Yield: A measure in percentage terms of the amount of actual wool in the greasy wool sample. The non-wool components of greasy wool include vegetable matter, lanolin (wool grease) and other contaminants such as dust. Management can have a significant impact on yield through actions such as maximising grass ground cover thus reducing bare ground / dust. We are big on doing this here on Ochre Arch. The higher the yield the higher the amount paid per kg greasy.

Other Measures: There are also some subjective measures that can have a material impact on the sale price. Possibly the highest impacting of these is the presence of Dark and Medullated (hollow) Fibres (DMF) in the wool sample. Off the back of this Australia now has a Dark and Medullated Fibre Risk Scheme which is basically an assurance declaration that is coded and included in the wool description summary for buyers to review. Its purpose is to try and preserve Australia’s reputation as the premier white fine wool producing country in the world. Some of the main factors within the measure that have the biggest impact on wool price are:
  • Merinos being mated, reared and/or run with ‘exotic’ sheep breeds such as Awassi, Damara, Dorper and Karakul
  • Sheep aged 8 years or older
  • Not crutched at all or crutched longer than 3 months before shearing
The AWTA, as mentioned previously, takes samples from each line of wool from each grower. Some is used for detailed analysis and the rest is placed in sample bags and sent to the wool centre that codes and displays it in sequentially numbered wool lots. The original bales of wool are held at the broker’s locale and remain there until sold.

The following photograph is a macro view of the huge wool centre shed at Yennora in Sydney.
The following photo shows our own wool ‘closer up’ in the sample bins.
Buyers are given a printout of the analysis as well as access to all of the wool samples prior to auction.

In the case of the Yennora wool centre there are two separate auction rooms, each with viewing access for growers and other interested parties. Room 1 is dedicated solely to the sale of merino fleeces. Room 2 is for ‘all other’ wool types such as merino pieces and crossbred wools.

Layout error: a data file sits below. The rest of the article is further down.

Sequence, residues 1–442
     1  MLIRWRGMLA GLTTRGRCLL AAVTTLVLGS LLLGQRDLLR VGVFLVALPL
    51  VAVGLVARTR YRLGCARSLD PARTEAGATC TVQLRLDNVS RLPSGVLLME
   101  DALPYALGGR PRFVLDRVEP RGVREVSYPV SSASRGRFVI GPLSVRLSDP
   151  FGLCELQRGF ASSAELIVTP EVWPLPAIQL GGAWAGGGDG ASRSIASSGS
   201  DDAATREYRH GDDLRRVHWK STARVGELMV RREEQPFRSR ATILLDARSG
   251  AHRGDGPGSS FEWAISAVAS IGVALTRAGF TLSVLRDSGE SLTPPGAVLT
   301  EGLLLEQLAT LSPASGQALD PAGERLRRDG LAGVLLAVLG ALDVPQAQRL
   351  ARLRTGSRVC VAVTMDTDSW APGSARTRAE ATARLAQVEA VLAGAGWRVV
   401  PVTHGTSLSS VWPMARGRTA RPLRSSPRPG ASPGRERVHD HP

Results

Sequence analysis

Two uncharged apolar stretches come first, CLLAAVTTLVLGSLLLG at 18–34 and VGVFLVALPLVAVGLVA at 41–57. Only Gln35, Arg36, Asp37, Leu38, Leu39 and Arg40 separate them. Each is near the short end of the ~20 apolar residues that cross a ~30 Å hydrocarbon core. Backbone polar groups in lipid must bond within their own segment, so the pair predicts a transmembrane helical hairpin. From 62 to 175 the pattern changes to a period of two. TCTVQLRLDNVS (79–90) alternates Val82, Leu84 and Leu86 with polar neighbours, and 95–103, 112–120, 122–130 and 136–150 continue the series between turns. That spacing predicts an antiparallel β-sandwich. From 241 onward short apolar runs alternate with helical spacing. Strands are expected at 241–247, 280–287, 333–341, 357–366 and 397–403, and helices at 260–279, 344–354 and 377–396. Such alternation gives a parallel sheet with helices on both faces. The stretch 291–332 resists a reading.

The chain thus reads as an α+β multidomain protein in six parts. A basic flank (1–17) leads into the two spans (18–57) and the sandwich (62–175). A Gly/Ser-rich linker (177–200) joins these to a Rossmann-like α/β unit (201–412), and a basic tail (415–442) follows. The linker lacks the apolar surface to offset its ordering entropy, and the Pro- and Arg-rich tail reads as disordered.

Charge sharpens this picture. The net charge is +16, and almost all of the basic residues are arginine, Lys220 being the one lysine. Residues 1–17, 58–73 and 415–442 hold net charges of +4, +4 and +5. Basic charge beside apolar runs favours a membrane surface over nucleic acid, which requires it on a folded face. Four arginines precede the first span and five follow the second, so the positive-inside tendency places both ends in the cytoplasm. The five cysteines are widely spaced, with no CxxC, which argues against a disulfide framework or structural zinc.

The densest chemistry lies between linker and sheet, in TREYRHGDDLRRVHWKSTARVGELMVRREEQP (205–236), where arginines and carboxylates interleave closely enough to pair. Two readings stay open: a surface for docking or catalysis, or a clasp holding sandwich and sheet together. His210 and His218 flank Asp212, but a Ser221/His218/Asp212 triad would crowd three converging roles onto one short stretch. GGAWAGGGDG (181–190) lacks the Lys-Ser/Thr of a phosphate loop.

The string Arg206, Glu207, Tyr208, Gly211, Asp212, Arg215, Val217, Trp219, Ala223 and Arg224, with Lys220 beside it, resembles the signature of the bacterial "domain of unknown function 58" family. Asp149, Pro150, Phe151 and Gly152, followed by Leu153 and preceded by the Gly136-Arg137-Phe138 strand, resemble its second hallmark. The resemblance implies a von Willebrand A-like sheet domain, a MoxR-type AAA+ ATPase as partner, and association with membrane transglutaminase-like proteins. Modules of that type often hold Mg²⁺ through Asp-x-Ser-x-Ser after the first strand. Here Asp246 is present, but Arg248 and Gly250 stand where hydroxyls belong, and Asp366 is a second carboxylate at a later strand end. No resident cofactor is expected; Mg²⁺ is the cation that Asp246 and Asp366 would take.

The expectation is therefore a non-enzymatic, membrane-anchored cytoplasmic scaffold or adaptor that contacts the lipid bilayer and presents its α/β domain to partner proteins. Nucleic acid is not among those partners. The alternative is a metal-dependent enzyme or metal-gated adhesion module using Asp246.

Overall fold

At the sale we attended wool was being sold by 9 separate businesses representing growers. Each theoretically provides an auctioneer to sell their lots but in practice some work together. The order of each of the broker’s lots varies sale by sale.

In each of the auction rooms are the following people:
  • Auctioneer – progressively works through each of the lots on offer. Approximately 300 lots are sold per hour meaning that on average 12 seconds are spent on each lot.
  • Australian Wool Exchange sale recorder – person who writes the price and fate of each lot on a running sheet
  • Australian Wool Exchange display board recorder – person who enters each sale result into a database visible to the buyers and visitors
  • Buyers

Each auctioneer takes with her or him a list of the lots they will be auctioning together with details of any reserve prices  agreed with growers and a possible bidding start price which helps get things going. Each lot as it is dealt with by the auctioneer is displayed on an electronic board. The details shown are: Lot number, Broker, Price, Buyer and in the event that the reserve price for a particular lot is not reached the letters ‘PI’ (passed in) are posted on the board. There is a convention in place that allows buyers to place a lot they have purchased back up for auction provided this is done before 9 subsequent lots have been auctioned. This allows them to correct errors they may make.

We estimate that there were 12-15 buyers in each of the auction rooms. The reality though is that the majority of wool is purchased by 3 major companies. We were surprised to learn that one of these is in fact a cotton producing company. Obviously they use there skills to acquire and process both wool and cotton – both natural fibres.

The results of the auction of each line are verified by AWE staff and made available shortly thereafter to the brokers in electronic format.